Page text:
Keeping it appropriate: How to score highly in appropriacy for OET speaking

 

OET speaking is graded from two perspectives: language and communication. When it comes to language, speaking appropriately is something which is deemed as being of great importance in order to achieve a high score in the exam. But what is appropriate language? And how can we make sure that we are using it? In this article, I will investigate these questions by providing some key tips on the criterion of appropriacy.

 

Adjust your language to suit the patient

When you receive your role card for the OET speaking exam, you will receive information about the person you will be addressing. It’s important that you pay attention to not just the diseases and symptoms, but also the patient or carer’s profile. Have a look at these notes, for example, from a mock OET speaking role card:[Text Wrapping Break]”A young boy, aged 4, was admitted to hospital through the Children’s Emergency Department for acute meningo-encephalitis as a result of a complication following mumps. He has fully recovered and is ready to be discharged home. The parent is unaware that a vaccine is available which protects against mumps. They also have a 2-year-old son.”

From these notes, you ought to already be thinking about the sort of language you will and won’t be using. “Acute meningo-encephalitis”, for instance, is not a phrase that the parent will likely be familiar with, so you might avoid using it, focussing instead on the more familiar disease, which will not confuse the patient; namely, mumps. Due to the parent’s lack of knowledge regarding the vaccine, you should also be prepared to explain to him or her how the vaccine works and why it’s important. If the parent, on the other hand, was familiar with vaccinations, it would not be appropriate to go into such a basic explanation, as it would be deemed as talking down to or possibly patronising the parent. Therefore, the content of your response should relate to the background and profile of the person with whom you are conversing.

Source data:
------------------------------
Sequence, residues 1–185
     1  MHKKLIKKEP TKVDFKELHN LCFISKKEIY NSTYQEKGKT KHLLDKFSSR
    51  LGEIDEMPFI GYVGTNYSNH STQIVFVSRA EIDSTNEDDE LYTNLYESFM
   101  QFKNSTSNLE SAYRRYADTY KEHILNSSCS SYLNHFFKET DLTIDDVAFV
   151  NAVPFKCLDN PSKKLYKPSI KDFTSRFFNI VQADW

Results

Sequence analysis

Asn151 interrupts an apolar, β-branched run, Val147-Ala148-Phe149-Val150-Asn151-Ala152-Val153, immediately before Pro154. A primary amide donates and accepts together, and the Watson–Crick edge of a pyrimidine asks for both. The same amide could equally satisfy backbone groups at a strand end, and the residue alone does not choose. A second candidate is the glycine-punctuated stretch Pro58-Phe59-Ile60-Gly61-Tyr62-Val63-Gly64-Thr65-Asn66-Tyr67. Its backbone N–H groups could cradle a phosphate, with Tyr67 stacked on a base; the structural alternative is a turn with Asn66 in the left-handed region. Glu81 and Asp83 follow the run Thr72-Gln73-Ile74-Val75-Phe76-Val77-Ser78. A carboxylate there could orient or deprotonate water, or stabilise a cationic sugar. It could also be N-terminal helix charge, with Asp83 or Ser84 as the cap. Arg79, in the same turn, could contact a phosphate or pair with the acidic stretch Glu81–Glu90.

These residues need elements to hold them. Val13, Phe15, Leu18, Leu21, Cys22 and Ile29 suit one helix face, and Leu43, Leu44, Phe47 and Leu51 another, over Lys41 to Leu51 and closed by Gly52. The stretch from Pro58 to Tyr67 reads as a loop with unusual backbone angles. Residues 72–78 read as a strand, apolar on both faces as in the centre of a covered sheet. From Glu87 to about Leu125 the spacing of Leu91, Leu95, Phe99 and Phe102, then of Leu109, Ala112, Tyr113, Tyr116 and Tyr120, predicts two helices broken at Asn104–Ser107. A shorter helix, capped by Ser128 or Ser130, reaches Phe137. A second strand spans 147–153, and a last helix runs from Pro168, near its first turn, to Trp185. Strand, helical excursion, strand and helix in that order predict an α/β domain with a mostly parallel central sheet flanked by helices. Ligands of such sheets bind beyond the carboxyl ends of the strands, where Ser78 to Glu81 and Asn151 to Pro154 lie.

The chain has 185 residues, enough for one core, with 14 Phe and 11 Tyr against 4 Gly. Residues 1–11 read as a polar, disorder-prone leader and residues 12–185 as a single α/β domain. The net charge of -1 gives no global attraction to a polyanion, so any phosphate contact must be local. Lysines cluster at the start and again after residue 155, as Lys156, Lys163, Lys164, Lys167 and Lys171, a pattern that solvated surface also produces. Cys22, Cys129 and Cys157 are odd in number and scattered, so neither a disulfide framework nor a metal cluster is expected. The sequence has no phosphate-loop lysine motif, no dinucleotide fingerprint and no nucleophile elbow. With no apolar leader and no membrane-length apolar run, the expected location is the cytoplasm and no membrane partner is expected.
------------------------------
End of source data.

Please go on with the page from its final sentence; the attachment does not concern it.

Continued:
Be friendly but formal

It is, of course, important to show empathy as a medical practitioner and to be friendly and approachable in relation to your patients, however, appropriacy demands that you use language which shows your professional demeanour. So, it’s a good idea to be friendly but formal in your role plays, say “Good morning!” or “Good afternoon!” Rather than “Hi!”, for example, when greeting your patient. Use indirect question forms and formal language, such as: “Would it be possible for you to reduce your alcohol intake?” Rather than direct question forms and informal language, as in: “Can you cut down on your alcohol?” Be precise in your language, inform the patient that his blood test results will be made available “within 48 hours” rather than “in a couple of days”. This is because patients will have an expectation that their doctors and nurses are reliable and professional, so language should be used in order to show that.

 

Prepare yourself to deliver bad news

One of the most difficult things about being a medical professional, I would imagine, is having to deliver bad news. In certain OET speaking tasks, you will need to do this and examiners want to see that you are able to do this sensitively. If a patient’s results confirm cancer, for example, it would not be appropriate to announce this without thinking about the impact this news will have on the patient. You need to express sorrow, you need to allow time for the patient to process the information and ask questions and then you need to let the patient know his or her options. Use your real life experiences to prepare you for this, showing empathy, being supportive and staying calm as you would in a real life situation.

Do you want to practice how to deliver bad news? Join one of our OET course packages (starting at just $49)in order to get high quality practice and feedback from one of our OET UK teachers by clicking here:

For doctors: https://www.swooshenglish.com/oet-packages-doctors/
For nurses: https://www.swooshenglish.com/oet-packages-nurses/

 

Prepare yourself to deliver good news